What parents need to know
Parents Need to Know
Parents need to know that while The Retrievers is generally family friendly, there's one sequence in which members of the Lowry clan have to deal with an animal death. The accident happens off-camera, with a suggestion of impending danger beforehand. There are two other situations with pets in jeopardy that end happily. Members of the Lowry family don't always use good judgment when making decisions. As a result, they behave in questionable ways in order to correct their mistakes.
What's the story?
The Lowry family is starting a new life in an idyllic rural community. Tom Lowry (Robert Hays) is thrilled to be getting away from the stress-filled life of a big city advertising executive; his wife, Karen (Mel Harris), is enthusiastic and positive. Their two sulking kids (a teen and tween) are less enchanted. But when a beautiful stray golden retriever takes refuge in the family home, things start looking up. A visit to a local vet reveals that Pilot is pregnant -- and only a few days later, six puppies are born. In a whirlwind of flying fur, chewed slippers, and cuddly kisses, the dogs, the kids, and the grown-ups fall in love. But Tom reminds them that no family keeps six puppies; they'll soon have to find homes for Pilot's offspring. It's painful when adoption day arrives -- prospective owners come into the Lowry yard, pick a pet, and disappear as the family tearfully looks on. It isn't too long before everyone, especially Pilot, is sure they've all made a giant mistake -- they never should have given the puppies away! One and all, they vow to get their pets back, and their retrieving adventures begin.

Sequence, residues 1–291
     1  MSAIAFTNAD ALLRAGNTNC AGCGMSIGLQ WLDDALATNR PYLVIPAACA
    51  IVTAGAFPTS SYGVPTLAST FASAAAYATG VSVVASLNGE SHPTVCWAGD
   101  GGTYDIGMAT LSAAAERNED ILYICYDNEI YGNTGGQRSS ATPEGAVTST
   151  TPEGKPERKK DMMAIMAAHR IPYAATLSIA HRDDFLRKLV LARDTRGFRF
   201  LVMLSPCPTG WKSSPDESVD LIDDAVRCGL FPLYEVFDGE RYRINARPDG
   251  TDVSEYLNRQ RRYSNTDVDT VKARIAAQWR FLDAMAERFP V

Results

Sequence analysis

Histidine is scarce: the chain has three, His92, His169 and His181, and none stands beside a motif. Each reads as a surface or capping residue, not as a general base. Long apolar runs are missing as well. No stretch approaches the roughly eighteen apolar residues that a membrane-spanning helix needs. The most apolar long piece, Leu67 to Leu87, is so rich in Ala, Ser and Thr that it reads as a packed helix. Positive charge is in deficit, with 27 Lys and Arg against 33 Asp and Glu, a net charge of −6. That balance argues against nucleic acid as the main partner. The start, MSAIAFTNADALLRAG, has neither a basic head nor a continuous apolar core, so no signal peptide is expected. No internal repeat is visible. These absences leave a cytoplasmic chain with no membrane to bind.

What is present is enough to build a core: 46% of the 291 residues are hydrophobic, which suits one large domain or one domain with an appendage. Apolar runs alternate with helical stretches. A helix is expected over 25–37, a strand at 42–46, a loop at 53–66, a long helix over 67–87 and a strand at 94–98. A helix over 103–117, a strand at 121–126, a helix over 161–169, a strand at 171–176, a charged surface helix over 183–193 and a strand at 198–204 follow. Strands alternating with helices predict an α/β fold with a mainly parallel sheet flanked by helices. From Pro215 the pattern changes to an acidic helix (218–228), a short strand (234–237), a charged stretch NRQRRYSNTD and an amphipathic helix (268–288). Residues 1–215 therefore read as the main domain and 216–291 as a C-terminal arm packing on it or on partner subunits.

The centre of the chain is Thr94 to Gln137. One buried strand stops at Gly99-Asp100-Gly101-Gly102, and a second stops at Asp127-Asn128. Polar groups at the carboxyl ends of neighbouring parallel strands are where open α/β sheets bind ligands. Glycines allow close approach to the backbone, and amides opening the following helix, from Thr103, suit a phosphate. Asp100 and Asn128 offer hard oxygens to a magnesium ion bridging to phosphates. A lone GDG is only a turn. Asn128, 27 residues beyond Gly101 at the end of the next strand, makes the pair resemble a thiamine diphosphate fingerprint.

Is it any good?
Adorable puppies and a beautiful Northern California setting save an otherwise bland, predictable story. And it's still hard to get past some of THE RETRIEVERS' dubious plot maneuverings. It's clear that the Lowry family should have been more responsible when giving away their puppies -- viewers might find themselves asking questions like: "Who are these people?" "Wouldn't it be a good idea to take their names?" and "Are you really going to give those two wonderful puppies to thugs?"
But if the filmmakers had asked those questions and then answered them, it would have been a very short film. The Retrievers is a good reminder that even the silliest stories require logic.
Families can talk about...
Families can talk about animals in movies. What's the appeal of seeing dogs or cats in major roles in movies or on TV? Do you prefer realistic animals, or talking animals?
Pilot's puppies were funny and lovable. What are some of the responsibilities that come with having a pet? If you have a pet, how do you participate in caring for it?